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why can’t we let the "stranger things" kids be kids?

The young cast of "Stranger Things" is getting a whole lot of attention, and not all of it is positive.

Hannah Ongley

Part of Stranger Things’s appeal is that its stars are very young. This makes it all the more impressive when Millie Bobby Brown (14) destroys Nicki Minaj’s “Monster” rap verse, Finn Wolfhard (14) nails a cover of New Order's “Age of Consent,” or Noah Schnapp (then just 12) addresses stereotyping of LGBTQ characters. It also makes it totally uncool for fans to demand anything other than that the actors show up to work, as Wolfhard is now kindly reminding us. (Wolfhard himself recently sent the fandom into a furor, after he failed to take a selfie with an adult fan who waited outside his hotel.)

“Hey everybody!” Wolfhard wrote in a very polite tweet last night. “I don't wanna ex-communicate anyone from this fandom, but if you are for real you will not harass my friends, or co-workers. Ya'll know who you are.” He continued, “Why I even have to tweet that, I don't know. Anyone who calls themselves a ‘fan’ and actively goes after someone for literally acting and doing their job is ridiculous. Think b4 ya type boiiii”

Wolfhard didn’t get specific about which co-stars he was sticking up for, but it could have been just about any of the crew. Millie Bobby Brown has been sexualized by Instagram commenters, a Senior Executive of NBCUniversal, and Yandy.com, which last month added Eleven to its repertoire of sexy Halloween costumes. Sadie Sink — who has already had to defend the Duffer brothers over a controversial unscripted kiss scene — initially faced cruel backlash from fans who didn’t want a new character on the show. As Shannon Purser made clear when defending Wolfhard against claims he was “heartless” for turning down a selfie, playing fan favorite Barb has led to some unwarranted interactions. And at 20, Purser is a veteran compared to some of her co-stars.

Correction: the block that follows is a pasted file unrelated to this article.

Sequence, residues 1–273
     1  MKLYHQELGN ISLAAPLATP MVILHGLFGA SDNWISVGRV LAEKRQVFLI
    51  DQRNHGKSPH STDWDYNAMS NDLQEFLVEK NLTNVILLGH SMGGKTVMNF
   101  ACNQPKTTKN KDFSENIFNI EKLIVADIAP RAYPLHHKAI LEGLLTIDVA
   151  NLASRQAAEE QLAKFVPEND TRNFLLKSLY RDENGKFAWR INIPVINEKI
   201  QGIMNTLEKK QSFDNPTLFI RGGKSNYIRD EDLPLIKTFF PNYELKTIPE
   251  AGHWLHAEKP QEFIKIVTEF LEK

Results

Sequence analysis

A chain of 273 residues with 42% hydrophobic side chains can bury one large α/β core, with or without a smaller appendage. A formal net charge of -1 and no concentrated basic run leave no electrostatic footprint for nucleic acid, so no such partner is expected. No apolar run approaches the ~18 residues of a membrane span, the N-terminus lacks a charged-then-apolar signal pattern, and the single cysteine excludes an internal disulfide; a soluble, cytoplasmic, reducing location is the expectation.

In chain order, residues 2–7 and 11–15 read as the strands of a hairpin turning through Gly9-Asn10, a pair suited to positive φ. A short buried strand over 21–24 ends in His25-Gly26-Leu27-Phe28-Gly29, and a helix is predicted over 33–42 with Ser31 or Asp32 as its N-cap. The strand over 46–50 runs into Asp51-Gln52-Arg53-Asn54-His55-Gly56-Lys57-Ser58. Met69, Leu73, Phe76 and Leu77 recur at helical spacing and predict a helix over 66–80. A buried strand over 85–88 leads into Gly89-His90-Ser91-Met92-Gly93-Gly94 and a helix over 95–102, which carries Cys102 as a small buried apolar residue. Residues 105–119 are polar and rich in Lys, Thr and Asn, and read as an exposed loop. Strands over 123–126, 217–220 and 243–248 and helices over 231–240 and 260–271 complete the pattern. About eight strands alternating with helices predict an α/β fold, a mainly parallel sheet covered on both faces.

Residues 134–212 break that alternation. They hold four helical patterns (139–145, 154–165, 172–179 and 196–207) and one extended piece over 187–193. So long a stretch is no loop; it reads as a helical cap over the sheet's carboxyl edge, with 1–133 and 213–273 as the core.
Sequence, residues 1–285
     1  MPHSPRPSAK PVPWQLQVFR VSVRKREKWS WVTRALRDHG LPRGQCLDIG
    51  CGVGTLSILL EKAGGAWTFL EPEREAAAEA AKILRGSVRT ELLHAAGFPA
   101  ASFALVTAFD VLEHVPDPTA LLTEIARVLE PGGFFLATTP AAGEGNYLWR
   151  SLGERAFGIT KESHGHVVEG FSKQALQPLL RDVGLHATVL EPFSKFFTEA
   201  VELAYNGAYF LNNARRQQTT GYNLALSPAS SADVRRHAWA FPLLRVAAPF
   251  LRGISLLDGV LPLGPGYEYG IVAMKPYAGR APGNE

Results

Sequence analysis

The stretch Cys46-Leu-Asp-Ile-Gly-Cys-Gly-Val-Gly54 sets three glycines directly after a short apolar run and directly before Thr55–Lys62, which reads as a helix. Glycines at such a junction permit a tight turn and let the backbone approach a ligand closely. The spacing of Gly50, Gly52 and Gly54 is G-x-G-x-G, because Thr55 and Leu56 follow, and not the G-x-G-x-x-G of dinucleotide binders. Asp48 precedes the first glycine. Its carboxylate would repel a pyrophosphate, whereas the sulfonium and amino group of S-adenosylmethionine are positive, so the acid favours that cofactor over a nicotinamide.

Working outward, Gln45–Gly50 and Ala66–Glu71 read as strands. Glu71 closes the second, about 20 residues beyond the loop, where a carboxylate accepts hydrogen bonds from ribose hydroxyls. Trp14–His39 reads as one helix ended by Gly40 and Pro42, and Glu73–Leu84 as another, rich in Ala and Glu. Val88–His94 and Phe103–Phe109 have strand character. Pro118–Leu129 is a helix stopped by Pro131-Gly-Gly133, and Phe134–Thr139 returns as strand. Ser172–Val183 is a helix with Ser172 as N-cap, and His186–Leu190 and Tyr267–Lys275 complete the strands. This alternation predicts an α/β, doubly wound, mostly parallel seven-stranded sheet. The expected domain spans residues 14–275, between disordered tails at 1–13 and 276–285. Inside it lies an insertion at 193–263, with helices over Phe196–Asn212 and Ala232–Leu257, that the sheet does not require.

“Okay, no,” Purser wrote in a Twitter thread last weekend. “No actor is under any obligation to stop for anyone. Finn is an incredibly kind human. But he's human and he needs breaks too. I experience this on a significantly smaller scale, obviously, but I've had people waiting for me in hotel lobbies, at my airport gate, etc. And I'm an adult. I can't imagine being inundated with all this attention at his age. It's intimidating. So, from one big sister to the world, don't you DARE make young actors feel guilty or indebted to you because they couldn't say hi.”

“They give you their art,” she urged. “They love their fans. Don't take advantage of that. And if you can't handle them needing space, stay away.”

Overly passionate pop culture fandoms are not unique to 2017. Potterheads, Sherlockians, Gleeks, and Cumberbitches can get as fanatical as Beliebers or Little Monsters. But Stranger Things is fairly unique in that the show’s audience trends older than its main characters do. Netflix may be skewing younger with its content, but grown men are still dressing up as Eleven, and a creeped-out Millie Bobby Brown is well aware of it. Wolfhard recently described 27-year-old Ali Michael’s joking request to “hit me up in four years” as “gross” — but actually appeared more freaked out by TMZ’s cameras being shoved in his face. It's not cool to make kids uncomfortable, and it's even less cool to make money off doing so.

Adults shouldn’t need to be reminded that the Stranger Things kids are still kids, no matter how convincing they are as a supernatural Motown supergroup. Luckily, the supportive responses to the kids' weird week prove that overly obsessive fans are in the minority.